Tabell’s Market Letter – March 29, 1957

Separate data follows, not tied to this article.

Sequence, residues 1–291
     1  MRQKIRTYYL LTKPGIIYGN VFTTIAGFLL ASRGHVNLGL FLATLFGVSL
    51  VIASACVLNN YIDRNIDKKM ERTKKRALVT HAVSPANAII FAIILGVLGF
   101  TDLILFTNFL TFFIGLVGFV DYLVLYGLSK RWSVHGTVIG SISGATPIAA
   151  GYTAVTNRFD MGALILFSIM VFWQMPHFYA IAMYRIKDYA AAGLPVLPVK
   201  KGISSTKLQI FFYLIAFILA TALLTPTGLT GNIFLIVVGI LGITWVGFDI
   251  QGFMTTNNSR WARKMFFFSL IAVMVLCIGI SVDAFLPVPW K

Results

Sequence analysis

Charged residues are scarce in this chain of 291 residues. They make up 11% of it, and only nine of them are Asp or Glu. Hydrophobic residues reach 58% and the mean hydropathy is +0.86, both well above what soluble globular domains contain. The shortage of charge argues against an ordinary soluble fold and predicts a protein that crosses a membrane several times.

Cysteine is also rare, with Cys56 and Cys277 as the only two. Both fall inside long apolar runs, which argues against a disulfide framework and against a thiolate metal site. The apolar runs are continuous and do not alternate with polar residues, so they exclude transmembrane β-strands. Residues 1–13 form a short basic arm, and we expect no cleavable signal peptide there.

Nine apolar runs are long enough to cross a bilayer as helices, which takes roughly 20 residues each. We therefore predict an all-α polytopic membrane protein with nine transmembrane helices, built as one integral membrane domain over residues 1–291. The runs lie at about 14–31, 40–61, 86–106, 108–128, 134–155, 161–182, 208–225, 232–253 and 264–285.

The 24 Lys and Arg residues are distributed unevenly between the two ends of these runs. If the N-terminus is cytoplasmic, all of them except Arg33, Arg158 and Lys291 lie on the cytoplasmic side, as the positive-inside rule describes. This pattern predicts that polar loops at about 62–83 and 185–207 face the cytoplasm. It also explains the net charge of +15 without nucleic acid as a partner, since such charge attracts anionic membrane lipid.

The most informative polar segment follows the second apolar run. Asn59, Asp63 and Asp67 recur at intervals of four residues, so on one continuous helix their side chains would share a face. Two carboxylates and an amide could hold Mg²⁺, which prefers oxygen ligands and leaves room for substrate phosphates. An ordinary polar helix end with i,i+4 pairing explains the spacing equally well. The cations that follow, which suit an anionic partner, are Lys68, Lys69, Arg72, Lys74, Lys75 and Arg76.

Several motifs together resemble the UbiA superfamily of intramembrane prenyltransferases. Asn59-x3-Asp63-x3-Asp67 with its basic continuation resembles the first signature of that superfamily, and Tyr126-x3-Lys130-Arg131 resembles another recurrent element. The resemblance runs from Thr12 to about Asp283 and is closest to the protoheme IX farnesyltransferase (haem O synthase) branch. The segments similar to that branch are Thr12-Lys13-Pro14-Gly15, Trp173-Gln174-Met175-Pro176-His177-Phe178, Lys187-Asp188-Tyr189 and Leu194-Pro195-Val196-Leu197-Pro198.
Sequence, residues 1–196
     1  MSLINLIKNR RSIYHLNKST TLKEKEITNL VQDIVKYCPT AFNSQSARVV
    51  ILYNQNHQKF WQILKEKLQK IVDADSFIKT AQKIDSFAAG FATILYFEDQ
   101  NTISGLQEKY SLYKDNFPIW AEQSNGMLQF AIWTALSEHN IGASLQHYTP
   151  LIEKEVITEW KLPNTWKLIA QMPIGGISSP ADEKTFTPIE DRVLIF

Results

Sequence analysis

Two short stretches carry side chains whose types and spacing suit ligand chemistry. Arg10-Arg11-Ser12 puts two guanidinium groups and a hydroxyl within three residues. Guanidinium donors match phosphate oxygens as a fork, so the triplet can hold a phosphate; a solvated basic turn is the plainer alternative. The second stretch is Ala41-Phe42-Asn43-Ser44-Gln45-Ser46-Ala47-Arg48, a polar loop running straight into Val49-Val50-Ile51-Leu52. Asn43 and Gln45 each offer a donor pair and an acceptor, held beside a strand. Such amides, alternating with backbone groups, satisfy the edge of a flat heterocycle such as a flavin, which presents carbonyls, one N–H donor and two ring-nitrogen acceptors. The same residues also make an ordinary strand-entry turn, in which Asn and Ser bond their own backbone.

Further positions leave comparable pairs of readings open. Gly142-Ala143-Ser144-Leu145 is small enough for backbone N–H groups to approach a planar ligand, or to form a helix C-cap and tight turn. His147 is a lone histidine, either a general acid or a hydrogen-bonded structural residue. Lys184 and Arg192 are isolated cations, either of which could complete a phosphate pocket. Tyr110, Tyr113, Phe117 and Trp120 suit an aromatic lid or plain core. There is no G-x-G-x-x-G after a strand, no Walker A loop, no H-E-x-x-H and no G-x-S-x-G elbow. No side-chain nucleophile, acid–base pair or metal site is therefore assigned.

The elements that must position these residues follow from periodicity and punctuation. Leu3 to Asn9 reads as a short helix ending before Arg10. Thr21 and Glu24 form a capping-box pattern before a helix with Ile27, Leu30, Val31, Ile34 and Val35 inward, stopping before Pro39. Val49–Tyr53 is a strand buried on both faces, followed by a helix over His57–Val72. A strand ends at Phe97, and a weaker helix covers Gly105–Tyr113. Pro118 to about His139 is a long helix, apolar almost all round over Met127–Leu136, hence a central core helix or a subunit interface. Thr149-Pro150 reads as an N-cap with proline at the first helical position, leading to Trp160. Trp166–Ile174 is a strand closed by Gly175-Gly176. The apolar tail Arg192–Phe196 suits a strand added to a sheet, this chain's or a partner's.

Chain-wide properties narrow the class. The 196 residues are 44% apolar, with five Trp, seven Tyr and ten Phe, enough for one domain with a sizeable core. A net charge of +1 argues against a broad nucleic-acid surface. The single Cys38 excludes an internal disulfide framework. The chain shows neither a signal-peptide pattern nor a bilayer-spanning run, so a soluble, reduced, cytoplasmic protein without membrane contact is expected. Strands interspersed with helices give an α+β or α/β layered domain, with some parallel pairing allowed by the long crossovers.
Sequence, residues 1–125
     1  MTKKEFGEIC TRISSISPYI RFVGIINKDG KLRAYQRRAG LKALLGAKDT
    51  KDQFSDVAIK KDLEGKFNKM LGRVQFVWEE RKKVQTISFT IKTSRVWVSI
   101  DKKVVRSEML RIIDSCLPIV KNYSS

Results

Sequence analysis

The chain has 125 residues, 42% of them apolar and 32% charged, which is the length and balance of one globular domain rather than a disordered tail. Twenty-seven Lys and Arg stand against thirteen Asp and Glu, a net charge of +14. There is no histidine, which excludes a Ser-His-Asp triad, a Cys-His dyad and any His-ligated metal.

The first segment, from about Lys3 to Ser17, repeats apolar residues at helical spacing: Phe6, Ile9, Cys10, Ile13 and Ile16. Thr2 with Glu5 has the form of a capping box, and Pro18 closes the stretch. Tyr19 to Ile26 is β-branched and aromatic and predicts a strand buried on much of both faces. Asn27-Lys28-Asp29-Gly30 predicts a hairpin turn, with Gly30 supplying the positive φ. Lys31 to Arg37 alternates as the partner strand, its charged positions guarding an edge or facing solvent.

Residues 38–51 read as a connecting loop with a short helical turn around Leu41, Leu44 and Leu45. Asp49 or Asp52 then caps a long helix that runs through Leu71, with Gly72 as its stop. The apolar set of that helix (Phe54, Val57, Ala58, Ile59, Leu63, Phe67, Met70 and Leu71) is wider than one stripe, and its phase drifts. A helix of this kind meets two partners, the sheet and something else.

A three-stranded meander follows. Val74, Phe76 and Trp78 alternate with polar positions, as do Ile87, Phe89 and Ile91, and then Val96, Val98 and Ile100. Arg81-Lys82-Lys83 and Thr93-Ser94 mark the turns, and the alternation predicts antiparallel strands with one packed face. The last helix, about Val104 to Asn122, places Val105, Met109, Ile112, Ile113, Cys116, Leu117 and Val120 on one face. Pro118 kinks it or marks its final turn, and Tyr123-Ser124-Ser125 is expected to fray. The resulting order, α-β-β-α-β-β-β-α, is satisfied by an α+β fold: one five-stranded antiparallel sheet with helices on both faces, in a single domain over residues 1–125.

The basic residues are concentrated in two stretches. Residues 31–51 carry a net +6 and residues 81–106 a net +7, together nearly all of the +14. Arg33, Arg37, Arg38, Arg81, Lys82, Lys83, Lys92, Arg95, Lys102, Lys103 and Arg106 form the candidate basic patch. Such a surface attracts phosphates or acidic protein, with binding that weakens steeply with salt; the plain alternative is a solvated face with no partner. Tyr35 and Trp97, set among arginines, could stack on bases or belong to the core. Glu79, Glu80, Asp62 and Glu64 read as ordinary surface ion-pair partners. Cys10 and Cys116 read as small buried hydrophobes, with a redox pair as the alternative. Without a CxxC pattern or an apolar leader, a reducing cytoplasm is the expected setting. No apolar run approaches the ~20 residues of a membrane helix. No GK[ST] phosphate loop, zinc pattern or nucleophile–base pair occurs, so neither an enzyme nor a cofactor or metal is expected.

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-W–a–lsIntocn.-&-Co..; Membe,'s New YOTk Stock Exchange NEW YORK PHILADELPHIA LOS ANGELES SAN FRANCISCO BASLE (Swa,I.d) OFFICES COAST TO COAST CONNECTED BY DIRECT PRIVATE WIRE SYSTEM TABELL'S MARKET LEnER March 29, 1957 There was a better undertone in the past week's market with up- side volume tending increase slightly. Volume indications on our long term breadth-of-the-market gauges are slowly beginning to show improving action. It appears that the market is beginning to show de- finite signs of waning downside momentum. Many stocks that formerly had vulnerable patterns have suffered severe price declines over the past year and the number of issues that need further substantial cor- – -rectiM- is ainlin1Sfllng. dB'eTnotmean'ari- immediate-Droad all advance, but rather a further continuation of the broad trading area in which the general market has already held since July, 1955. Some stocks are still in need of further correction and others– need further time to consolidate. There are, however, a growing num- ber of issues that are beginning to break out on the upside of long trading areas. Issues of this type will show the best action over the next six months or year while the remainder of the market corrects and consolidates. HOUDAILLE INDUSTRIES, INC. Statistics Diversification has teen a Current Market Current Dividend Current Yield 18 1.00 5.6 popular policy in many companies over the past few years. Too often, however, corporate Funded Debt 12,954,000 diversification has been pushed too fast, coupled with a rise- 2.25 Cum.Pfd.Stk. 190,000 shs. in common stock prices far be- – – -C0mmon- S-tock- ,-337 -normal– expect-a-t-i-ons c of — Sales, 1956 75,423,565 Earned per Sh.-1956 2.02 earning power. Many times, however, a company can be found where a diversification program Mkt.Range 1957-53 18 3/4 – 12 has been carried forward on a sound, intelligent basis and plus 5 stock dividend. where the common stock is most moderately priced relative to potential earning power. Such a company, we believe, is Houdaille Industries, Inc. Houdaille started its corporate existence as a major supplier of a wide line of auto parts. As it became evident that this line lacked growth potential and was becoming increasingly unprofitable, a concentrated effort was made to do two things (1) to drop unprofitable lines, and (2) to expand to new fields where capital could be put to more profitable use. This program has been carried forward over the past few years and the results have been truly impressive. At current levels, however, the market price of the stock apparently fails t. reflect the changed complexion of the company. Most of this diversification has been carried on under the aegis of Mr.-RalpI1F. Peo and a capable young executive team.- Mr; Peo hadbeen president of Houdaille until 1946 when he left the company to form Frontier Industries, Inc. In 1955, Houdaille and Frontier were merged and Mr. Peo and his assistants returned to Houdaille, which later changed its name from Houdaille Hershey Corporation to the present title. Without going into th2 history of all the various acquisitions and mergers which made Houdaille what it is today, it to break the company's sales into three major fields. They are auto bumpers and bumper hangers, (2) construction materials and aggregates and (3) air- craft parts. Other divisions which do not fall within these three classi- fications have been added and while many of them have a significant growth potential, they do not now bulk large in , sales or earnings. i market letter IS not, and under no cIrcumstances is to be construed as, an offer to or a SOhcltntlOn to buy any referred to herein The mformation conuuned herem IS not guarnnt('cd us to accuracy or completeness and the (urm;hmv thereof l'l not, and under no circumstancc;'! /8 tobcconlltrucd as, II rCprCllcntntJO) hy Wnlston & Co. Inc All expressIOns of opinIOn are subject to change wLthout nobee W …lston & Co, Jnc, (lr OULcer, Director or Stockholder thereof, may have nn Interest In the securities mentIOned herein ThiS market letter 18 Intended and pre!.entcd merely as a general, Informal commentary on day to day marhet ,,,,news lind not as a complete analysLs AdditIOnal informatIOn wIth respect to any aecuntles referred to herem wilFbe furlllshcd upon request WN 301 – io -2- The most interesting field in which Houdaille is now engaged is the construction materials field. Few people realize either the profitability or growth potential of this field. In many cases, due to a depletion allowance and other favorable factors, a profit margin as high as 10 after taxes is obtaiLable on construction sales. The Federal road building program and the expanding highway network will entail a terrific increase in new road construction and in repairs to existing roads. Houdaille appears in an excellent position to participate in the above mentioned trends. Houdaille's construction materials division produces crushed stone, gravel, sand and concrete. These products are utilized mainly in road building, but are also used in the commercial and residential construction fields. The first construction materials company to become a part of Houdaille – was Bu-fGalo Crushed .s-t0ne .. Thre ,..mone com– panies in this field were acquired during 1956, including one company in upstate New York and two in northern New Jersey. Houdaille now has thirty- two construction materials operating units located mainly in upper New York state, northern New Jersey and eastern Pennsylvania. All of these units are in excellent condition to benefit from extensive turnpike repairs in the areas served. million has recently been put into expansion of this division with more slated to be spent. It is felt that ultimately the construction materials business will become by far the most important facet of Houdaille's operations from a profitability standpoint. The second major portion of Houdaille's business is the production of auto bumpers and bumper hangers. This is now the only auto equipment item which constitutes a major part of Houdaille's sales, and it has many qualities which make it superior to the average auto parts supply tion. Among these is the fact that bumpers 'ire constantly becoming larger and more complex units, thus allowing for full capacity production even when over-all aut0 production declines. It is felt that Houdaille will maintain its sh'l.re of this market over a period of time,and thatsales should grow at a faster rate than auto production due to the increasing size of bumpers. –'A third maJor product-nne in 1;118 HoudaHle pic-rure hydraulic components which the company sub-contracts for major aircraft producers. This line appears relatively attractive in view of an expanding defense program. In 1956, Houdaille earned 2.02 per common share, an increase from 1.79 in 1955. Profit margins increased substantially as unprofitable lines were eliminated, and net after taxes was up 11 with sales down 11. Subtracted from earnings were more than 800,000 in nonrecurring items in connection with the disposal of machinery and a change in depreciation practice. This amounted to 63f per share. 1956earnings, it will be noted, included results on a large part of the pro fitable construction business for only part of the year,since three com- were acquired during the period. On this basis, 1957 earnings should reach at least 2.50 per share on a greater number of shares outstanding and could well substantially exceed this figure. Thus, current prices mark the stock at only nine times 1956 earnings and 6-7 times anticipated 1957 earnings. Dividends will probably continue at 1.00 per share, affording a yield of 5 that may be supplemented by stock dividends. Over a period of time, earnings should continue to increase as a result of growth in the present construction division and aided by fur- ther acquisitions in this profitable field. — – From a technical point of view, the initial upside objective over the intermediate term is 33 with a much hgher objective over the longer term. Strong support is encountered at 16-15. The stock is as an excellent speculation on the ability of an astute management t9 substantially increase earnings over a period of time. EDMUND W. TABELL II AWTamb WALSTON & CO. INC. I ft /f !, i' . at.